Motor vehicle having occlusion detection for ultrasonic sensors

- VOLKSWAGEN AG

In a method for checking a first ultrasonic sensor of a motor vehicle for an occlusion, a measuring signal of the first ultrasonic sensor is acquired by an evaluation unit, and from the measuring signal, a decay time of a natural oscillation of the diaphragm of the first ultrasonic sensor, brought about by an excitation pulse, is ascertained. From the measuring signal of either the first ultrasonic sensor or a second ultrasonic sensor, an echo produced by an object located in a sensing range of the first ultrasonic sensor is ascertained, and a distance value of the object is determined on the basis of the echo. An occlusion is signaled if the decay time is less than a predetermined threshold value which would be exceeded if ice and/or dirt were to adhere directly to the diaphragm, and if the distance value is less than a predetermined maximum value.

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Description

CROSS REFERENCE TO RELATED APPLICATIONS

The present application claims priority to Application No. 10 2013 223 240.3, filed in the Federal Republic of Germany on Nov. 14, 2013, which is expressly incorporated herein in its entirety by reference thereto.

FIELD OF THE INVENTION

The present invention relates to a method for checking an ultrasonic sensor of a motor vehicle as to whether the ultrasonic sensor is occluded by an object located on the motor vehicle, e.g., a layer of ice. The occlusion is ascertained as a function of a decay time, thus, the time for a natural oscillation of the diaphragm to die out after an excitation pulse has been applied to it for emitting an ultrasonic signal.

BACKGROUND INFORMATION

It is likewise known from published German patent application document 10 2010 021 960 A1 to measure the time duration of a post-pulse oscillation in order to detect a blocked state of an ultrasonic sensor. However, in the related art, the ultrasonic sensor is classified as blocked if the duration of the post-pulse oscillation exceeds a predetermined limiting value. It may then be assumed that ice or dirt is adhering to the diaphragm, because the inertia of the diaphragm is thereby increased. To check the plausibility of a detected blockage with the aid of the ultrasonic sensor, it is also known from the related art to additionally measure an echo of the excitation pulse, and from that, to ascertain a distance value. If this distance value does not change even in response to a movement of the motor vehicle of its own, then highly likely, it is a case of an object adhering to the diaphragm.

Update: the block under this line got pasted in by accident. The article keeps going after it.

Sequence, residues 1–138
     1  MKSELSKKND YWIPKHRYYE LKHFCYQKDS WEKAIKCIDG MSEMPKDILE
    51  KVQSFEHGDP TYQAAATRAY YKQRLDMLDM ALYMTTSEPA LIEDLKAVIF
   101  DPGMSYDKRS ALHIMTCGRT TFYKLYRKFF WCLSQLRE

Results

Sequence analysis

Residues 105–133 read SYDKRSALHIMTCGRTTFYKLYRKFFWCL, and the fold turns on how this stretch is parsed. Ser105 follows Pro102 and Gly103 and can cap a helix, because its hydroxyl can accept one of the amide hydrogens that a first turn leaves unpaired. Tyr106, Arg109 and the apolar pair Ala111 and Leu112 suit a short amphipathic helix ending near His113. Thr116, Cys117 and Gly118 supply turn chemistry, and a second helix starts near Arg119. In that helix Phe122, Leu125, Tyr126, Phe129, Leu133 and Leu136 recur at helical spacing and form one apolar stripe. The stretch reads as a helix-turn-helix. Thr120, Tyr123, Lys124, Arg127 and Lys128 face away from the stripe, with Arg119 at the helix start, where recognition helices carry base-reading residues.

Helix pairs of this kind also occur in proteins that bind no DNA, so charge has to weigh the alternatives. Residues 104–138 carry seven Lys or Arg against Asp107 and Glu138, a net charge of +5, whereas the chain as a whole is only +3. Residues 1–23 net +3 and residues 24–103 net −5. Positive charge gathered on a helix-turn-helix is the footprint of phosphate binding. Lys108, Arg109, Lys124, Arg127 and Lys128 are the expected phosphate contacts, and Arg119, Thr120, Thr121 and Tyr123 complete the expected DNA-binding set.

Instead of the decay period, it is known from published German patent application document DE 10 2009 040 992 A1 to measure the decay frequency. If the diaphragm is iced or dirt is clinging to it, then the flexural stiffness of the diaphragm changes, resulting in an altered decay frequency.

The detection of a snow-covered diaphragm based on the exceedance of a decay time period is also described in published German patent application document DE 101 42 075 A1. To check the plausibility of a detected occlusion, the outside temperature is also monitored.

The German Patent 101 64 760 B4 describes, upon parking a motor vehicle and shutting off the engine, thus, upon ending vehicle operation, to store the last distance value that was measured by an ultrasonic sensor with respect to an object extraneous to the vehicle. If the motor vehicle is then started again, thus, vehicle operation is commenced again, a distance value is measured once more. By comparing the distance values, it is determined whether snow or slush has gotten onto the diaphragm of the ultrasonic sensor while the motor vehicle was parked.

In connection with a radar sensor, it is known from published German patent application document DE 10 2007 026 033 A1 to measure a distance value of a motor vehicle to an object located by the radar sensor, and upon a movement of the motor vehicle of its own, to classify the radar sensor as iced if, in spite of the vehicle movement, the distance value does not change over several measuring cycles. However, the motor vehicle must move with a minimum speed for a reliable detection.

The published German patent application document 10 2005 057 973 A1 describes a functional test for an ultrasonic sensor of a motor vehicle, in which such a powerful ultrasonic signal is emitted that under usual conditions, this ultrasonic signal would have to be reflected by ground in front of the motor vehicle and received again. If only a highly attenuated echo or no echo at all is received from the ground, an occluded or defective ultrasonic sensor is assumed.